Voices from the Field

Partnerships are key to addressing health inequities

Mary Jo Cagle, MD, is CEO of Cone Health in Greensboro and serves on the NCHA Equity Committee.

Everyone wants a healthy North Carolina – health care providers most of all. However, the COVID-19 pandemic put into stark relief the inequities that many North Carolinians face.  Many people don’t have a relationship with a doctor because there aren’t any where they live. They couldn’t register for a lifesaving vaccination because there is no broadband in their neighborhood. Others were reluctant to get vaccinated because they didn’t trust the medical establishment. To be honest, health care can’t fix this. But the good news is, through partnerships we all can. Here are some ways Cone Health and its partners are making a difference.

Imagine missing 10% of the school year and trying to keep up. We are tackling chronic absenteeism by partnering with Guilford County Schools. We brought telemedicine into three schools as a pilot. Now when a student has an earache, she and a parent take part in an online visit with a doctor. A nurse uses Bluetooth-connected devices so the doctor can peer into the child’s hear or listen to her heartbeat. The student may get a prescription and returns to class. Parents don’t miss work to pick up a sick child from school, and parent and child don’t spend hours that night waiting on an emergency room doctor.

In the first year of the program, 300 children received care in their school’s virtual clinic. Of those 300, 240 returned to their classroom the same day. Without telemedicine services, all 300 would have been sent home, missing the rest of the school day.

Cone Health is tackling a lack of neighborhood doctors through a mobile medicine program. Specially equipped buses and vans make accessing diagnosis, treatment, education and support easier than it’s ever been. The program offers basic acute and primary care, as well as basic health screenings, annual wellness visits and cancer screenings. The seeds were sown during the pandemic. We partnered with churches, community centers and neighborhoods to bring testing and vaccinations to residents. The roots of those partnerships grow strong today.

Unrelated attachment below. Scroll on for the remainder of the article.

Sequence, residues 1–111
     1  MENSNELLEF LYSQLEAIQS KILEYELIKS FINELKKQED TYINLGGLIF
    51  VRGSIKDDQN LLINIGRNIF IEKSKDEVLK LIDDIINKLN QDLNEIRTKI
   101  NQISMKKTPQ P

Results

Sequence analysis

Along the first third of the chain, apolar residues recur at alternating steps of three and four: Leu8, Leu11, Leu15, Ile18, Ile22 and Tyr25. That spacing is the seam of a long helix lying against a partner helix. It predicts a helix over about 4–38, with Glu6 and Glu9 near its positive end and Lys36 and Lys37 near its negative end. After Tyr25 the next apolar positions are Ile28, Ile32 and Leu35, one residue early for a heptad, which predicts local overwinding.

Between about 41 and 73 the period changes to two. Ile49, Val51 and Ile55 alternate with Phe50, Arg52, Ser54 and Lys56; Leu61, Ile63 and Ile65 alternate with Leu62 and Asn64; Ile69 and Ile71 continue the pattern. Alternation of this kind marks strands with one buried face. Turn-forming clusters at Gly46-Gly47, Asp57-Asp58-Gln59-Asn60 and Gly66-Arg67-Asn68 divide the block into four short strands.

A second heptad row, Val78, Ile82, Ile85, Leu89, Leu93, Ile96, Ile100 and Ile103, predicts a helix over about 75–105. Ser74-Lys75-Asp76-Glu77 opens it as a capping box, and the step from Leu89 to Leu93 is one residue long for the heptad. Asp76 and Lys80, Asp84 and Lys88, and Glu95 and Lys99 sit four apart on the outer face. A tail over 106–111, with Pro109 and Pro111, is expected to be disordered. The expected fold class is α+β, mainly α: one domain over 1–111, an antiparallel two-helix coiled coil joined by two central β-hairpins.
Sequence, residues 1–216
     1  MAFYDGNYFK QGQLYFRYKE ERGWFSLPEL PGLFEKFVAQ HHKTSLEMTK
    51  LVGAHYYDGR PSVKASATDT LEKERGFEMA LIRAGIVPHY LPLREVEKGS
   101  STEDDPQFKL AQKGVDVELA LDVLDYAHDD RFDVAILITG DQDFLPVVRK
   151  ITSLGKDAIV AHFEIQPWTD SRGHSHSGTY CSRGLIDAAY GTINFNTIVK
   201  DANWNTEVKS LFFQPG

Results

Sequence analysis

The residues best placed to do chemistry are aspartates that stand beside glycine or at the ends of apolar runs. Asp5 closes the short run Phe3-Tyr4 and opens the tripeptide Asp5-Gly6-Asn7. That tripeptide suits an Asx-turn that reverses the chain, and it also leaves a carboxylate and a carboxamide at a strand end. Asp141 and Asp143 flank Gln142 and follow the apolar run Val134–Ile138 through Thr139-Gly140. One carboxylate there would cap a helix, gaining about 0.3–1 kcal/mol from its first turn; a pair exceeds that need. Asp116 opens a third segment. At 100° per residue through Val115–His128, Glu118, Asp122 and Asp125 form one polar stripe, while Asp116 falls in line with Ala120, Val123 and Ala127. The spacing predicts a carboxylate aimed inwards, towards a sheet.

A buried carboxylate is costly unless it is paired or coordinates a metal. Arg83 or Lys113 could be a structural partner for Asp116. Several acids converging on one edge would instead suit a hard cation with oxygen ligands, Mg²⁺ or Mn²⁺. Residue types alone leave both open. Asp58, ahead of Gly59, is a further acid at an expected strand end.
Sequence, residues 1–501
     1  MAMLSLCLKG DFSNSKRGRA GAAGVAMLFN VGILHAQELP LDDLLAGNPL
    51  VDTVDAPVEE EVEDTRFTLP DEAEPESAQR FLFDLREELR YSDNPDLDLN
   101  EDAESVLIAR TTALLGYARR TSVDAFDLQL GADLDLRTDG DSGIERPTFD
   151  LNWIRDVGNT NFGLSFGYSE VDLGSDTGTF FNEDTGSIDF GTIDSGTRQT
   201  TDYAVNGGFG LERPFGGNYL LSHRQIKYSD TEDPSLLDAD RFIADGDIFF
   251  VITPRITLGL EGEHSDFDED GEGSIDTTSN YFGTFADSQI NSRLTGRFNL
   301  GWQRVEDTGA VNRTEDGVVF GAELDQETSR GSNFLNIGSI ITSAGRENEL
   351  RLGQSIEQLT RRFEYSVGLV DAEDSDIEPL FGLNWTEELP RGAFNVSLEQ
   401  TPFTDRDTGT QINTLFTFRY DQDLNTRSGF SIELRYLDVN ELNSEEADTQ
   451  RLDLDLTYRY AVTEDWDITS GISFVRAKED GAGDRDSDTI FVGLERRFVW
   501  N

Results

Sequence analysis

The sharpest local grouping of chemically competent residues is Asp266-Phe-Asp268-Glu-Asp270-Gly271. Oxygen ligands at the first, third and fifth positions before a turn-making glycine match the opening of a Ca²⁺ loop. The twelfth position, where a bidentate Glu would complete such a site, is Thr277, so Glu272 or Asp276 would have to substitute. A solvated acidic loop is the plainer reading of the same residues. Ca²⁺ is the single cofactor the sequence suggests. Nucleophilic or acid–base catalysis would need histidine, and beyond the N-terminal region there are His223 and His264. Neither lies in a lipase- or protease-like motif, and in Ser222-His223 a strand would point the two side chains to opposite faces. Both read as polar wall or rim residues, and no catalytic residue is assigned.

To help address the long-standing need for enhanced behavioral health care in North Carolina, Cone Health partnered with Guilford County and Sandhills Center to open the Guilford County Behavioral Health Urgent Care (BHUC). The first of its kind in the state, the BHUC combines behavioral health services and emergency medical care provided by Cone Health hospitals in a specially designed single location, making acute and outpatient therapy accessible for adolescents and adults 24 hours a day, seven days a week.

But the ultimate partnerships are with residents themselves. With Guilford County, we are forming a joint team to partner with the community’s most vulnerable members in identifying – and removing – obstacles that impact their ability to get healthy and stay healthy. We will use community-based design, social innovation and other techniques to explore access to health care, access to quality education, reliable transportation, safe housing, proper nutrition and other factors that influence health.

We will learn what issues people are facing and work with them to identify areas of opportunity. By partnering with the county, we will have an inroad to quickly implement viable solutions.

Removing health inequities is becoming a bigger part of what we do. In August, we established the Cone Health Center for Health Equity to address the areas of greatest need in the communities we serve. We seek to improve the health of underserved individuals and to do so in the most cost-effective manner possible. The goal is nothing short of removing poor health as an obstacle to achieving one’s goals and ambitions.

That’s an audacious goal. But there’s real power in connecting and pooling resources. Together, I am confident we will achieve it.